Re: [g-a-devel] GNOME Launches Campaign for Accessibility

"Sometimes accessibility lags behind…" is an accurate  statement. My question is why Gnome Foundation would consider a11y issues to have a priority lower than any other feature of the software. By permitting a11y to "lag behind" other features, it is effectively put on the back burner and will require  a11y hackers to try to retrofit  access in a most inconvenient manners.

Also, allowing a11y to lag makes my job really hard. I'm trying to convince all sorts of groups to use free software and that free software a11y is good enough to use full time. I'm also trying to convince people that the free software community cares about a11y but the consumers see little evidence to this fact.

Joanie, the Vinux gang, Luke, Mike, etc. are amazing individuals who make incredible contributions. Alas, depending on a few talented and incredibly dedicated hackers for a11y, features we must have to be used in US Federal and a bunch of state government jobs, is severely sub-optimal. I cannot go to someone trying to make a purchasing decision and convince them that the a11y problems will be fixed as they will ask, "by whom?" and I'll be without an answer.

Until a11y bugs are considered showstoppers, my ability to do too much in the "sales" side of GNU Accessibility is hampered. Worse, though, is that many people may lose jobs or be unable to fully participate in the free exchange of ideas via electronic methods - a civil rightthese days.

Happy Hacking,

Director Access Technology
Project GNU/FSF,

On Jan 3, 2012, at 10:10 AM, Brian Cameron wrote:

> Bill:
> It is important to raise visibility for certain accessibility issues
> that are causing real users problems.  I really do understand how
> frustrating it can be when software just does not work properly.  This
> clearly creates very serious issues for users who depend on features
> like accessibility to perform basic tasks.
> When I first started working for Sun Microsystems on GNOME around
> 2003 my first job was working on ATK and GAIL.  I implemented the
> original GtkText and GtkTreeView/GtkTreeModel GAIL code, including
> libgailutil.  I wrote most of the ATK Reference Guide.  Others on my
> team, like Bill Haneman and Padraig O'Briain implemented much of the
> rest of GAIL, ATK and at-spi.
> It was a real effort to get GNOME accessibility to a usable state.  It
> was not until around the GNOME 2.16 timeframe that GNOME really started
> to work and develop a user-base testing these features and providing
> feedback.  Since that time, it has been awesome to see a real community
> develop around GNOME accessibility and its mission to make free
> software available to all users.
> While you are right that GTK+ is very much needing accessibility
> attention, I think your words are too harsh towards the many people
> who have worked hard to support the GNOME infrastructure.  Keep in mind
> that the GTK+ developers have been working hard to make the GTK2->GTK3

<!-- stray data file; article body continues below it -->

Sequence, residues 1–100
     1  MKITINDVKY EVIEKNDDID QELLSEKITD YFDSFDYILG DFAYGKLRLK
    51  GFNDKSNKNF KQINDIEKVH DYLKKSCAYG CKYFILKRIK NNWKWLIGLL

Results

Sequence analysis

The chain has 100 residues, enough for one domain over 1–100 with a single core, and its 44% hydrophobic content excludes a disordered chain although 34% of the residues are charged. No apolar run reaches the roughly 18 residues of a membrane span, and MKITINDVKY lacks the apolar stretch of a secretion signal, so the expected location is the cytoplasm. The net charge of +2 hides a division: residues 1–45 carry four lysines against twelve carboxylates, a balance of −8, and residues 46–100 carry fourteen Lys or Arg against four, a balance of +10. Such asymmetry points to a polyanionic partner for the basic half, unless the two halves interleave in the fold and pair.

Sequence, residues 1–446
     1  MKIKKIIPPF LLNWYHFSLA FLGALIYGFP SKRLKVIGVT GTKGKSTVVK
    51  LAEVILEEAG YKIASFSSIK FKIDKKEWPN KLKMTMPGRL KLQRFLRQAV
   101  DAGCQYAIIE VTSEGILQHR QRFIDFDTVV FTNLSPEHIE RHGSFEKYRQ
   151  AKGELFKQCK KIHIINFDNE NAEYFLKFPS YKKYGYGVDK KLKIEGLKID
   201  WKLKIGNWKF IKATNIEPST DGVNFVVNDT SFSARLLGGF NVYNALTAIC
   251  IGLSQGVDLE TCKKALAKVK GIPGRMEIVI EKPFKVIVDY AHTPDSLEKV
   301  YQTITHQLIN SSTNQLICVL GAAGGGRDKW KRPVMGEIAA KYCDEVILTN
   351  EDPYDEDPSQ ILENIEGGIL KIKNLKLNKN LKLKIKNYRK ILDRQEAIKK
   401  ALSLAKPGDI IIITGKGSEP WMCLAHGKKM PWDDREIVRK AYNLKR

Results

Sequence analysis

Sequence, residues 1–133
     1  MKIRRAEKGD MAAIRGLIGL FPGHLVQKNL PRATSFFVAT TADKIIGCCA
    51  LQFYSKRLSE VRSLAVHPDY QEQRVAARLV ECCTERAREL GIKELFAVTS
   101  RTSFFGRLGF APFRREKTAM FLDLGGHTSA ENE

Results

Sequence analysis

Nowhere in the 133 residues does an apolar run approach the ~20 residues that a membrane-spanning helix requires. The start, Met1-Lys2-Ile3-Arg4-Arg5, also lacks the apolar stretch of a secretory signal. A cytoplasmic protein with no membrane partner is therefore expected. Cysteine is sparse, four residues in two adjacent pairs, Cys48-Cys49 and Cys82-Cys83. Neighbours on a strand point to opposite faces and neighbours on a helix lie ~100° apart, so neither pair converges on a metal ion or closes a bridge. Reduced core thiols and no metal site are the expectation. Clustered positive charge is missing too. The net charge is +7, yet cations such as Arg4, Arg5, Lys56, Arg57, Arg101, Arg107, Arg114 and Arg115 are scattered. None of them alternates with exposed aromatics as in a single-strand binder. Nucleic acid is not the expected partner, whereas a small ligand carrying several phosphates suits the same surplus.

> (and GNOME 2->GNOME 3) transition as smooth as possible and that
> accessibility sometimes lags behind new features.  Also, the
> CORBA->D-Bus conversion has been distracting.
> The GNOME Foundation board of directors has been working closely with
> the GNOME accessibility team to help raise momentum.  While I agree the
> GTK module has not received enough accessibility attention over the past
> 2 years, I think we are working together to address that.
> Already a significant amount of work has been done through these
> efforts, and we plan to continue this with the Friends of GNOME
> accessibility campaign.  Through these efforts, we really are striving
> to bring focus back to address important issues like the ones you raise.
> Please help us make our campaign be successful.
> On 12/24/11 10:15 PM, Bill Cox wrote:
>> First of all, I'm a huge fan of people like Mike Gorse and Joanmarie.
>> These people have undertaken the task of helping people like me
>> without the motivation of losing their own vision.  These are the
>> people who I will go to bat for to help fund, to the extent that my
>> limited abilities allow.  On the other hand, we have groups like the
>> GTK+ team that no one here is realistically going to defend.  Their
>> lack of action over the last two years is nothing short of shameful,
>> and if you want to debate it, I've got facts on my side... let's do
>> it.
> It is clearly a shame that accessibility is not currently meeting
> user's needs.  It was also shameful that GNOME 2.16 was the first
> release of GNOME 2 that was usably accessible.  Our goal should be to
> do better with GNOME 3 and have a accessibility enabled well before
> GNOME 3.16 is released.
>> The teams that receive even tiny amounts of funding from Gnome
>> will not speak out about it naturally, but it's true.  Anyone
>> disagree?
>> So, how do we separate the groups that deserve accessibility funding
>> under Gnome from those who seem hell bent on making life painful for
>> the blind?
> The GNOME Accessibility team has a plan to setup a review committee to
> ensure that funds are spent on projects that make the most sense and
> that the right developers are engaged.
> Please believe me that nobody is hell bent on making life painful for
> anyone.  We are hell bent to develop a modern free software desktop.  I
> am sure you understand that the free software development process can
> sometimes be slow and frustrating.
> Brian
> _______________________________________________
> gnome-accessibility-list mailing list
> gnome-accessibility-list gnome org

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